The United Nations’ International Fund for Agricultural Development (IFAD) is launching an innovative global dance challenge, asking young people to make their moves matter and record a 15-second dance video in support of creating opportunities for rural youth in some of the world's poorest countries.
The virtual dance petition, launched this week on TikTok, the short-form mobile video platform, asks world leaders to invest more in sustainable agriculture and young people as a means to end global poverty and hunger.
There are 1.2 billion young people (aged 15-24) in the world today. Over 80 per cent of these young people live in developing countries, and their numbers are fast-growing in low-income African countries where poverty remains the most intractable in rural areas.
#DanceforChange features MTV award-winning choreographer Sherrie Silver, also IFAD's Advocate for Rural Youth, and African recording artist Mr Eazi, born Oluwatosin Oluwole Ajibade. The pair have teamed up to bring attention to the need for increased agricultural investment as a means to generate opportunities and hope for millions of rural youth while making the world more food secure amidst rising global hunger. In a pre-launch promotion on TikTok, nearly 5,000 people from around the world have created unique video dances and memes in support of the cause. The highest audience engagement so far has been in Canada, India, Germany, the United Kingdom and the United States.
“We are dancing to capture the world’s attention and to share a message with young people everywhere: our generation can end global hunger, but only if our leaders invest more in agriculture and the next generation of young farmers,” said Silver.
Silver, who choreographed a special dance move for the challenge and music video for the campaign featuring rural youth in an IFAD-support project in Cameroon dancing to a song written by Mr Eazi, was born in Rwanda and educated in the United Kingdom. She is best known for her choreography work in Childish Gambino’s Grammy Award-winning video, This Is America.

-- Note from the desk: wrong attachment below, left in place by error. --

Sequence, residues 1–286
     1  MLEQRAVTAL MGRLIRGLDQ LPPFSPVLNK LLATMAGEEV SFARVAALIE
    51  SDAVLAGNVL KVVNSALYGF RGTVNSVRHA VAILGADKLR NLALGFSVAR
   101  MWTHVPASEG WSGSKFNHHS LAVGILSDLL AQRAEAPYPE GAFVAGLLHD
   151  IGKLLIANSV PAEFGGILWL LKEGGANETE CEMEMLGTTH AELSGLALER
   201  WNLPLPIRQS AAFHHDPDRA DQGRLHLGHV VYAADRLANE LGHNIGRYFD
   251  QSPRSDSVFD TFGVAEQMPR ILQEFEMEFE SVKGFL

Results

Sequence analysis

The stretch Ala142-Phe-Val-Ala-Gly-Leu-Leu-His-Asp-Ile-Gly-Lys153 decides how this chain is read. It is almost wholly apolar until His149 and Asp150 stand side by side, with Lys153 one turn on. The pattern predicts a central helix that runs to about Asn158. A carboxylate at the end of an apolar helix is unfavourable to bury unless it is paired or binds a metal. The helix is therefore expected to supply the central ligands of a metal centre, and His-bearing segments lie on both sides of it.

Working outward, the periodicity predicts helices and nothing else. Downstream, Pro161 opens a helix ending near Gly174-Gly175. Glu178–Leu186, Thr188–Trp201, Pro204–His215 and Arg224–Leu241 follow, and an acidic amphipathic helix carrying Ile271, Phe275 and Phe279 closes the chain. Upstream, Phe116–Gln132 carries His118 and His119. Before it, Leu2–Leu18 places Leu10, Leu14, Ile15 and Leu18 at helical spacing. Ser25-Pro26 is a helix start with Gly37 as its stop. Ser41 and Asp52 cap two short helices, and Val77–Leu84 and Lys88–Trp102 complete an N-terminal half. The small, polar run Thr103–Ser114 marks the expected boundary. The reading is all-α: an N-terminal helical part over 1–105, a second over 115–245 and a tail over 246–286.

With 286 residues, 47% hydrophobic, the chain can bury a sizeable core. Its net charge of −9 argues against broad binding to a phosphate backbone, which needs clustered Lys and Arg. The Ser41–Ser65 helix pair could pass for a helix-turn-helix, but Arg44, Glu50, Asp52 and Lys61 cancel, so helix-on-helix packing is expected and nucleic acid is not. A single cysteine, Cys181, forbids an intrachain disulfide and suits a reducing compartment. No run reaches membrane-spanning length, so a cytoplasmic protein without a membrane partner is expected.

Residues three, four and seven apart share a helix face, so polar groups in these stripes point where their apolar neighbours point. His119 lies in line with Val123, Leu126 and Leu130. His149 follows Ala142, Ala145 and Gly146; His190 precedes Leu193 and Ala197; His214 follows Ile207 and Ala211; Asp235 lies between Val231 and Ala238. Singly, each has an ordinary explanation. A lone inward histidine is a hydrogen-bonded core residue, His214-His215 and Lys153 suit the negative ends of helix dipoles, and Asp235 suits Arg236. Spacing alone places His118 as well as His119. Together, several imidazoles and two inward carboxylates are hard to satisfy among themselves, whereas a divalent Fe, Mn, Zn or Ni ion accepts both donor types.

“We want world leaders to know that young people in rural areas are a tremendous resource. They have the power to feed the world and transform food systems if given the opportunity to succeed,” she said.
Mr Eazi, a Nigerian singer, songwriter, and entrepreneur, recorded the song "Freedom" in support of the campaign and dance challenge with fellow artists J. Derobie and Guiltybeatz. The song aims to show a positive depiction of agriculture and attract young people to farming.
“More investment in young people and farming means more food, more jobs and more freedom for us all,” Mr Eazi said in a recorded message on TikTok encouraging users to take part in the challenge.
Inspired by the message and opportunity to use its platform in support of the campaign, TikTok is giving millions of its users a chance to participate, learn more about the issues and make their voices heard. Upon uploading their videos to the app with his song and Silver's choreography, users can share them using the hashtag #DanceforChange and add their video to the petition. In Africa, it is estimated that 11 million young people will enter the job market every year over the next decade — the majority of them in rural areas where agriculture is still the biggest source of livelihoods. With investments and policies in support of economic development and rural transformation, agriculture and related off-farm business development can provide employment for millions of rural youth who are increasingly migrating to nearby cities and further abroad in search of opportunities.
IFAD will use results from the dance challenge in their advocacy efforts to remind world leaders of the need to increase investments in agriculture as well as long-term development and training for rural youth.
In mid-June, IFAD will release the 2019 Rural Development Report: Creating Opportunities for Rural Youth, which examines the crucial role that rural youth can play in transforming global food systems and building rural economies in developing countries over the coming decade.
IFAD invests in rural people, empowering them to reduce poverty, increase food security, improve nutrition and strengthen resilience. Since 1978, we have provided US$20.9 billion in grants and low-interest loans to projects that have reached about 483 million people. IFAD is an international financial institution and a specialized United Nations agency based in Rome – the United Nations’ food and agriculture hub.